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Number of UK Drownings at Lowest Since Records Began

12th June 2015
Number of UK Drownings at Lowest Since Records Began

#drowning – The number of accidental drownings in the UK has fallen to its lowest level since records began.

There were a total of 338 water-related deaths from accidents or natural causes across the UK in 2014, according to a report published today by the National Water Safety Forum (NWSF).

That number, from statistics published by NWSF, has fallen from 381 in 2013, and is the lowest figure since data collection began in 1983.

The NWSF's Water Incident Database (WAID) breaks down drownings and other water-related deaths by activity, age and location type.

The highest proportion of those people who have lost their lives in 2014 did not intend to be in the water - the main activity being undertaken before they died was walking or running alongside water (138 deaths, predominantly in rivers and coastal water), while 36 people drowned while swimming in unsupervised places, the next leading cause.

Last year's figures show that, like previous years, males (271) are more likely to drown than females (71), with a higher number of deaths for males than females in every single age bracket recorded.

Men aged between 25-29 are a particular concern, with 29 dying in 2014. Children aged up to 19 account for just over one in 10 of all deaths (38), with 21 of those in the 15-19 age bracket.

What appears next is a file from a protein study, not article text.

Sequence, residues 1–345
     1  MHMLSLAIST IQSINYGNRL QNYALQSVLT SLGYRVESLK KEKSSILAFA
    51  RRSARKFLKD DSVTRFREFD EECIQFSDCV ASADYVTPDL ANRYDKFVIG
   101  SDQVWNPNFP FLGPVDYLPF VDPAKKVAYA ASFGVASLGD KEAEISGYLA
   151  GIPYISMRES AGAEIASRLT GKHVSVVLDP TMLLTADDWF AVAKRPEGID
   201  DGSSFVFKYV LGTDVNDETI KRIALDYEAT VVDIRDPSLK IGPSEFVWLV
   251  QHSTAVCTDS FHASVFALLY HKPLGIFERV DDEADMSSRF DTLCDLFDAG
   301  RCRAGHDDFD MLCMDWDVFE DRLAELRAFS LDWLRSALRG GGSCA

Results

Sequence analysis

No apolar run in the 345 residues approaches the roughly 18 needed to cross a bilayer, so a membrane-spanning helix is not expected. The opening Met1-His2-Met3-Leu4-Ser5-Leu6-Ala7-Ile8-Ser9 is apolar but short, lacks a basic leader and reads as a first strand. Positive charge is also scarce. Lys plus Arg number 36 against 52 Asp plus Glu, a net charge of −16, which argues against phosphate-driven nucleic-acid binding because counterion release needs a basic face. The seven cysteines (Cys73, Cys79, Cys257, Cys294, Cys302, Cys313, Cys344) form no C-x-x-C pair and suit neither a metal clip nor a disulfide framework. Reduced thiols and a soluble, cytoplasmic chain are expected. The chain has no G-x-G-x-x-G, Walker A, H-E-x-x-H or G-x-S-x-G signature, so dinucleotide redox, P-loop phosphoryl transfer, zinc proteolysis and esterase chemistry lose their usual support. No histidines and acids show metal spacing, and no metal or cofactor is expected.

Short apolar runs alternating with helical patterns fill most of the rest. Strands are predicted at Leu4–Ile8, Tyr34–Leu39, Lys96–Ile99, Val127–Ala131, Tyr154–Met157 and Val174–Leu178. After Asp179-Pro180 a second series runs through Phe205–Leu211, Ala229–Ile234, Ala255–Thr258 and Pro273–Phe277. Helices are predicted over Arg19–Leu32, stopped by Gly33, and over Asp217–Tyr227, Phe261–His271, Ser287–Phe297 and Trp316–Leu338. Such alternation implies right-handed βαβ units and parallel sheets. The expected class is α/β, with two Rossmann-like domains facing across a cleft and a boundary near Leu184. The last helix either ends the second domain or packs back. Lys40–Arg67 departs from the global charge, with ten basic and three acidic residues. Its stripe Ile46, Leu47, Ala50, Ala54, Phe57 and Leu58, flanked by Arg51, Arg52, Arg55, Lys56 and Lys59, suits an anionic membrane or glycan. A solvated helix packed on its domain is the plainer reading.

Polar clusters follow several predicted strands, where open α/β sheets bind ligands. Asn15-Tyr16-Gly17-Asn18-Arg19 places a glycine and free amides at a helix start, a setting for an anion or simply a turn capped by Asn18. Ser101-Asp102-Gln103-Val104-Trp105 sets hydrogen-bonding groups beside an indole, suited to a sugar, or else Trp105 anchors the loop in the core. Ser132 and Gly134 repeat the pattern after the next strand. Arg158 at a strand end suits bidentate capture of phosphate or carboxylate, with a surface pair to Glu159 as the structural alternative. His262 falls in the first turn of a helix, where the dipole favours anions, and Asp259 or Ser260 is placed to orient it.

July saw the biggest spike in the number of deaths (43, up from 20 in June and 29 in August), while January was also a problem month, with 38 people killed.

George Rawlinson, chairman of the NWSF, said: "It's really positive that we're starting to see a decline in the numbers of accidental drownings but any loss of life is tragic and there's more that we can do to reduce these figures further. WAID provides vital insight that helps interested groups shape interventions to protect those people most at risk.

"The NWSF and their respective organisations work tirelessly to promote education and water safety and together are now developing a strategy that could be adopted nationally; this will provide an important framework for identifying how improvements in safety and education could be made to tackle this problem.

Published in Water Safety
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